Prickly Pear and Cholla History and Use

Learn about the historical use of prickly pear and the steps to prepare these tasty succulents.

| January 2018

  • Prickly pear cacti act as host for the small insect Cochineals, which produce a natural red dye carmine.
    Illustration by Edith Rewa Barrett
  • “Cattail Moonshine and Milkweed Medicine,” by Tammi Hartung showcasing creative ways people are using these plants today.
    Cover courtesy Story Publishing

Cattail Moonshine & Milkweed Medicine: The Curious Stories of 43 Amazing North American Native Plants(Storey, 2016) by Tammi Hartung a longtime herbalist and organic farmer, tells little-known and captivating stories of how humans have relied on these plants for millennia to nourish, shelter, heal, clothe, and even entertain us. Hartung has been growning and working with herbs for more than 30 years and is a frequent teacher and lecturer. She and her husband cultivate more than 500 varieties of herbs, heirloom food plants, and perennial seed crops on their organic farm in Colorado. The following excerpt is from the “P” section.

Prickly Pear and Cholla Opuntia and Cylindropuntia Species

An herbalist named Peter Bigfoot used to say that if you ever tangle with a cholla, your body will have such a memory of the experience that you will forever after be able to walk through the desert blindfolded and barefoot, and your body will instinctually avoid any contact with this plant and its ruthless barbed spines. It amazes me how humans have been able to look beyond the prickly nature of these and other Opuntia relatives to find so many uses for them.

All Kinds of Cactus

There are hundreds of species of Opuntia across the United States, Canada, and Mexico; all are succulent plants, and most favor living in arid conditions. But there are some that are winter hardy, and others, like nopales (O. ficus-indica), that grow in subtropical climates.

One barbed brother.

Chollas (Cylindropuntia spp.) are upright with narrow, fingerlike branches that serve as the leaves of the plant. They are mostly wild-harvested for their flower buds and fruits, which are eaten. To gather them, though, harvesters must contend with cholla’s long spines, each of which has tiny barbs at the end. Once the cholla buds are picked, they are rolled around on a wire mesh screen to knock off the spines. When the spines are gone, the buds are ready to boil in water for 15 minutes. The buds cannot be eaten raw, because they contain high amounts of oxalic acid, which causes throat and kidney irritation; boiling removes this compound. When the buds turn dark green, they are ready to eat. They taste somewhat like okra.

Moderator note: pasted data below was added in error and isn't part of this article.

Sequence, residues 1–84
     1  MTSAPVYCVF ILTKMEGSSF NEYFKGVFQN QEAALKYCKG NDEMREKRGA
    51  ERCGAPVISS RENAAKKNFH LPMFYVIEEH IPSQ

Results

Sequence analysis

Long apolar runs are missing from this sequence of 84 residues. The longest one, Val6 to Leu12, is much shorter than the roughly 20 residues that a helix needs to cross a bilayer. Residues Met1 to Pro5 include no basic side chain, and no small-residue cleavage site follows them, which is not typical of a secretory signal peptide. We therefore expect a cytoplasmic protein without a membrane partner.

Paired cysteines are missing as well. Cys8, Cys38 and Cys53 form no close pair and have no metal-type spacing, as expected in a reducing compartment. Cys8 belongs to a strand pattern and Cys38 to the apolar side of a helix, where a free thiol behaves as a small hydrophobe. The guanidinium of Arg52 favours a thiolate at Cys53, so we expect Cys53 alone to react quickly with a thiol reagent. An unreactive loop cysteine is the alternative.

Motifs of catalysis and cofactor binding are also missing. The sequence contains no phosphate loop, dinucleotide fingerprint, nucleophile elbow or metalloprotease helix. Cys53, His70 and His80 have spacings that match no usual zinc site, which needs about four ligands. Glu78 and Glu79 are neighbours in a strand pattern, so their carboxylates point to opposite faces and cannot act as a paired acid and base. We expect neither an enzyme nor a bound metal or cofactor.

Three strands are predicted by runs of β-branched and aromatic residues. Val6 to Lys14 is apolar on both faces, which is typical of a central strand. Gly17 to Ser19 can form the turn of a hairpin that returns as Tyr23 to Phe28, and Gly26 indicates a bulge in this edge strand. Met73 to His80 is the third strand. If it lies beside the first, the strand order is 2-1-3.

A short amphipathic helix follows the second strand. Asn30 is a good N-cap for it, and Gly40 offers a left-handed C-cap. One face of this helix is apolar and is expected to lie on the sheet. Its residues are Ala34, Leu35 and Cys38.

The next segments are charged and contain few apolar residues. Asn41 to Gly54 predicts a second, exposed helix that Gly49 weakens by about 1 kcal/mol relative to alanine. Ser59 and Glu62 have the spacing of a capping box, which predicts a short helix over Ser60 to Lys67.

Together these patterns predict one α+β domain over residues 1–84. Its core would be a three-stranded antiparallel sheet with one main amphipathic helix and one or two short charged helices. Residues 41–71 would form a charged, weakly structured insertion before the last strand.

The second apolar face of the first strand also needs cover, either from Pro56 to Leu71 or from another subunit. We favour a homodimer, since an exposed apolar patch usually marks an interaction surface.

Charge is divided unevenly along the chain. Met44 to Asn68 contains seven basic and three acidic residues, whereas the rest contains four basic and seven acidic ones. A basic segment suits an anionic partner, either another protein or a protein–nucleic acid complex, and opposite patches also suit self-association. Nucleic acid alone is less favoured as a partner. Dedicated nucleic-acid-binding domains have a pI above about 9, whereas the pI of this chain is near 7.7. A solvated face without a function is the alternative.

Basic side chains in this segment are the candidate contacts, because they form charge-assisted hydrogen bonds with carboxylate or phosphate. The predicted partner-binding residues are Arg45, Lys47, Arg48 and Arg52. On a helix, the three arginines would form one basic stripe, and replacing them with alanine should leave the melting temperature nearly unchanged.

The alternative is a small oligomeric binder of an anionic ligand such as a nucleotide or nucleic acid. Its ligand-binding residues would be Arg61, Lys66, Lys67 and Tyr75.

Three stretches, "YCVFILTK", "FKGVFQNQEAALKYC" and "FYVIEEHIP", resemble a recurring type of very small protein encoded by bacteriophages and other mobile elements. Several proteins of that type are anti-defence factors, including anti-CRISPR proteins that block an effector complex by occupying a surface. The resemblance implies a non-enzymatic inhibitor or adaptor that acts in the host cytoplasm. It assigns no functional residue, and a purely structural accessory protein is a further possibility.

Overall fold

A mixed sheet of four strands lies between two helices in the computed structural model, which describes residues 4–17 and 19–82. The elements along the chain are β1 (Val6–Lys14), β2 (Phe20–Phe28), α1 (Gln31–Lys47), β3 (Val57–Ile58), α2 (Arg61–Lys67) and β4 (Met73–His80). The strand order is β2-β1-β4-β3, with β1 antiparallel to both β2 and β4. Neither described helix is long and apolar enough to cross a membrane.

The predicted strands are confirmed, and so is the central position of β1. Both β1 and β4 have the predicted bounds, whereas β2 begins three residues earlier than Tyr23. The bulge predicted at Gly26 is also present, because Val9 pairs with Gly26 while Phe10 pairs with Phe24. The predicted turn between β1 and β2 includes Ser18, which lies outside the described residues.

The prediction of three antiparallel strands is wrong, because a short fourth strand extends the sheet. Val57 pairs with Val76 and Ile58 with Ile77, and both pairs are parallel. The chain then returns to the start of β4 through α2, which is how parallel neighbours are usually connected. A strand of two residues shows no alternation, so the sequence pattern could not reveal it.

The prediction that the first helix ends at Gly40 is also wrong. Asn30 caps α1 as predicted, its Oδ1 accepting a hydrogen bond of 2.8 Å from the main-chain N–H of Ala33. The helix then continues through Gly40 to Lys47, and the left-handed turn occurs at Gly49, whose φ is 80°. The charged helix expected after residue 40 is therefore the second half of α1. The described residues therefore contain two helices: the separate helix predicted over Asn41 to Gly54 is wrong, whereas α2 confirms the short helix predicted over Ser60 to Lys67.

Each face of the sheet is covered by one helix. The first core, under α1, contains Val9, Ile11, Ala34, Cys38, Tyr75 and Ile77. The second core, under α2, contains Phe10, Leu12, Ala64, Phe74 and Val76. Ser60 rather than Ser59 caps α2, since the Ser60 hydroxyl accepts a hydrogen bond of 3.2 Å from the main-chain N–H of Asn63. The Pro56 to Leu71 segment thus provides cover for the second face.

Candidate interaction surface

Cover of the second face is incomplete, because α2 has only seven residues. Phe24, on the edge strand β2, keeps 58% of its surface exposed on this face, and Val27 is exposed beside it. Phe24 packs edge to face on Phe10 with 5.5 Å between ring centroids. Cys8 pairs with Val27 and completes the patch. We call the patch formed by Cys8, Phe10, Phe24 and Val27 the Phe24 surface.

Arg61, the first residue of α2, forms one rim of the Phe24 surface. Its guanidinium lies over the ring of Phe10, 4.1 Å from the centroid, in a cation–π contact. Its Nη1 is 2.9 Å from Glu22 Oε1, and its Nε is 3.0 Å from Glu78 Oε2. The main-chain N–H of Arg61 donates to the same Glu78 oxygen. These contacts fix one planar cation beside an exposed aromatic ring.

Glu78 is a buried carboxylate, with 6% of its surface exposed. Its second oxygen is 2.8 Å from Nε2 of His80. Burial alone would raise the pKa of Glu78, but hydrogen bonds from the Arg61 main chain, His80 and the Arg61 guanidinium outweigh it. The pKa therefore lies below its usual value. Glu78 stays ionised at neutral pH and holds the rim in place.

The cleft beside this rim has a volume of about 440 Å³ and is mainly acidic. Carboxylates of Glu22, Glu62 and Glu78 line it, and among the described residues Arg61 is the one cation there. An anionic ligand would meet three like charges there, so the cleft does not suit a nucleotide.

The cultivated cousin.

The tender, nearly spineless pads of nopales (or nopalitos) are cultivated as a vegetable crop on farms and in gardens across Mexico and in the southwestern United States. Their “leaves” may be pear-shaped pads or narrow, fingerlike branches reaching into the sky, and the plants themselves can grow almost 9 feet tall. Even though nopales have fewer spines (and sometimes none at all), they do have glochids, tiny stiff hairs that stick into your skin. All members of the Opuntia clan have them, and they’re found at the base of the spine, or where the spine would normally be. They are miserable to remove! They are so small and light colored that they’re difficult to see and get hold of with tweezers.

Pretty, but prickly.

Prickly pears are the name more generally used to describe all other species of Opuntia with pear-shaped leaves. Although these are usually wild plants or varieties used in the landscaping trade, the flower buds, pads, and fruits are still fully edible but can be used for other purposes, too.

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